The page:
“We’re Gonna Need Bigger Boat”

My neighbors are starting to refer to our block as “The Farm” because of all the fruit trees and vegetables that grow in our gardens. We have bees and chickens and the guys across the street make beer with hops that grow along our fences.

Margaret is our master gardener, dispensing advice. Last week she helped me prune a young plum tree so it will crown out and have sturdy limbs to support heavy crops of fruit in years to come. She lectured as she cut, telling me that by being selective, the tree would react in certain ways and side growth would be privileged over upward growth.

The world “privilege” stuck in my head. Here we were, Margaret and I, blithely interfering in nature with our bypass shears. The idea was to take certain actions in hope of obtaining particular outcomes.

We all do it, all the time. We choose one thing over another and we change the course of our personal history. Or we refuse to choose and our history is written for us, but it is written whatever we do or fail to do.

The executives at BP privileged profits over stewardship and look where they are now. Their corporation’s stock yesterday stood at half the value it had the day the Deepwater Horizon exploded and the slide continues today. Business pundits are wondering if perhaps the world’s fourth-largest corporation may be broken up and sold for spare parts. What color is your parachute, Tony Hayward?

Barack Obama, like every other US president before him, has privileged fossil fuels over every other form of energy. Tax breaks, incentives, oil depletion allowances, the list goes on forever. Greedy executives like Mr. Hayward have been allowed to regulate themselves and worse, to determine the America’s energy policy.

Mr. Obama, like every president before him (although Jimmy Carter should be recognized – finally – for his straight talk), uses “our dependence on foreign oil” as an excuse for more asinine drilling and less oversight of the drillers.

The United States consumes 25 percent of the world’s oil. The United States has two-three percent of the world’s oil under its territory. We cannot reduce our dependence on foreign oil unless we reduce our dependence on oil. If government-run lotteries are a tax on people too stupid to do simple arithmetic, then “drill, baby, drill” is a slogan for people too stupid to be running for office.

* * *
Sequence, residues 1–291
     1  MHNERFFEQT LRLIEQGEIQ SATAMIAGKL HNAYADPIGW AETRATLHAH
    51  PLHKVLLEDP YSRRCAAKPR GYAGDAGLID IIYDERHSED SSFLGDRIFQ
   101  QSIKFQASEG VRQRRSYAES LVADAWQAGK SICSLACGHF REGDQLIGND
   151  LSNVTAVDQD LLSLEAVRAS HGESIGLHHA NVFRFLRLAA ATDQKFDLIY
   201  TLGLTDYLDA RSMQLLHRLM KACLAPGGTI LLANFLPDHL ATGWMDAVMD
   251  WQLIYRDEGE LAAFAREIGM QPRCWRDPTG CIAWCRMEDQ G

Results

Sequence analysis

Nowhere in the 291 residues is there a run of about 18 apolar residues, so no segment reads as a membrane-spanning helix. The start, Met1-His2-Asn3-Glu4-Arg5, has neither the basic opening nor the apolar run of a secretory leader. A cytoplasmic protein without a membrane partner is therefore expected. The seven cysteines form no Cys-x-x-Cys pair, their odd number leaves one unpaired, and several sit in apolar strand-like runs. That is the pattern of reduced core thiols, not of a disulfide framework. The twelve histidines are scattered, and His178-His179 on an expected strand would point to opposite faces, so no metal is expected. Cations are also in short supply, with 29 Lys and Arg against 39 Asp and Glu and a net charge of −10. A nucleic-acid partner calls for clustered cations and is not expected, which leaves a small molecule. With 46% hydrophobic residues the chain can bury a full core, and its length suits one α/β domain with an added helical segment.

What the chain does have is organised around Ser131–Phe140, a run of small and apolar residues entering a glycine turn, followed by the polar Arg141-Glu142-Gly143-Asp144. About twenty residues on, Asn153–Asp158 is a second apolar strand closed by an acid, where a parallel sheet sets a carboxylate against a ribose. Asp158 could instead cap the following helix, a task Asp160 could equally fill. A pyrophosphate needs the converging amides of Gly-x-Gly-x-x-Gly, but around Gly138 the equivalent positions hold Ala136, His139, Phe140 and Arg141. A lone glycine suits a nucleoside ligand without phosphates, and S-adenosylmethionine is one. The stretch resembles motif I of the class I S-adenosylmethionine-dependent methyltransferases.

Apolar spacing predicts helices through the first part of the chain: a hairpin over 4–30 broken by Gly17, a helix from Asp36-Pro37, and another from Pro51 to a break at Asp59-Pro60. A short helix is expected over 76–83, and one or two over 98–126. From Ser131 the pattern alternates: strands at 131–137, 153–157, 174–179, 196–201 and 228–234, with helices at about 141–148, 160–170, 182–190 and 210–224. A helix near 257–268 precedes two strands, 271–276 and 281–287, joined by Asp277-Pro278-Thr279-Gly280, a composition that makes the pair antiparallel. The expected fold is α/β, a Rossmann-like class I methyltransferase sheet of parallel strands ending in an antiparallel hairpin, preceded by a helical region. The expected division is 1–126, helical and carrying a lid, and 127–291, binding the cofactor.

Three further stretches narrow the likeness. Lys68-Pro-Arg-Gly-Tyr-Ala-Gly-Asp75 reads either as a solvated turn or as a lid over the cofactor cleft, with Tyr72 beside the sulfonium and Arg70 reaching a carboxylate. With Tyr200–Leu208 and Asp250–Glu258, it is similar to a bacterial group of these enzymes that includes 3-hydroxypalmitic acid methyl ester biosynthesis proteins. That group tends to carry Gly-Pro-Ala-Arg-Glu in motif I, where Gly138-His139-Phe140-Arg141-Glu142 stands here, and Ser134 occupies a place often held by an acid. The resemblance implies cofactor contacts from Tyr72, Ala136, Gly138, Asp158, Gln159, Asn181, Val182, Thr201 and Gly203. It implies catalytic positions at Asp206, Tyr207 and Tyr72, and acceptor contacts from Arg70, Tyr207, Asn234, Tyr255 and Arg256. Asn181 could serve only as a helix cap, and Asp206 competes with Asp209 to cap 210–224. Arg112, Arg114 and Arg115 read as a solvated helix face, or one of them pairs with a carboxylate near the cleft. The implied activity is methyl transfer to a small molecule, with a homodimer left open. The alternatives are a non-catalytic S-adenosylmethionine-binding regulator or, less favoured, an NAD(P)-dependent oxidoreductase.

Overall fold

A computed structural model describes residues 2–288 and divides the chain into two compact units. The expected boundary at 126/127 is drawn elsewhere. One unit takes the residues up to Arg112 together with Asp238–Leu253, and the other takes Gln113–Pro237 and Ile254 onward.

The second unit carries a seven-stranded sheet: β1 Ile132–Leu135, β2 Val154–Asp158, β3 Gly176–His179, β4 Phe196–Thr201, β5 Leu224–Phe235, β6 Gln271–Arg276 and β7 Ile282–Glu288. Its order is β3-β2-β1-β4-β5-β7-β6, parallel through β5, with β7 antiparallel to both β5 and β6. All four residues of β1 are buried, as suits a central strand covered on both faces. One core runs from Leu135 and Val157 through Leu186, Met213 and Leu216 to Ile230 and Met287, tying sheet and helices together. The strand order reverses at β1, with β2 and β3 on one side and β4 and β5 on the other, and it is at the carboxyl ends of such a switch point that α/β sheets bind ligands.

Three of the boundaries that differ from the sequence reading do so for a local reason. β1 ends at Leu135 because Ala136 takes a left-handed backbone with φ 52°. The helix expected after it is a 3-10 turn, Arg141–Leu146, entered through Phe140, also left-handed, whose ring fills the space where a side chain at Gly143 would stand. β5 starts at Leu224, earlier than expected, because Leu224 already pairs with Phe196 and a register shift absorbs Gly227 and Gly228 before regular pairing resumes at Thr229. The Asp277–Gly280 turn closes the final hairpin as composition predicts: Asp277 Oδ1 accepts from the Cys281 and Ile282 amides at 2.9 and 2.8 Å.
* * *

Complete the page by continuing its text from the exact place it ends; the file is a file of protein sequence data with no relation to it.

“Do something! Do something! Show some emotion!” the press screams at the president. The hell with emotion. Change our energy policy! Start privileging efficiency, conservation and renewables over fossil fuels and nukes! We’ve already killed the Gulf of Mexico on your watch; do you want to go for the whole planet now? If you can’t act like a president, could you at least try for “adult”?

This week we’ve been told that the siphon BP installed on the blown-out wellhead is working, although the numbers BP puts out keep changing. We do know that to install the siphon, BP had to cut away part of the well’s riser, thus increasing the flow of oil. It’s been reported that the flow of oil may now be as many as 100,000 barrels per day or 42 million gallons per day. That’s four Exxon Valdez spills a day – but BP’s siphon is taking as much 15,000 barrels per day, because that’s all the boat at the surface can hold. (Are there no supertankers available, anywhere in the world, at any price? One would think every oil executive on this soiled planet would have an interest in seeing this tragedy end.)

One of this fiasco’s enduring tragedies will be the height at which the bar is now set for oil spills. As big as 10 Exxon Valdez spills? Ha! That’s nothing! Tony Hayward used to spill more than that from his 10 a.m. teacup.

© Mark Floegel. 2010

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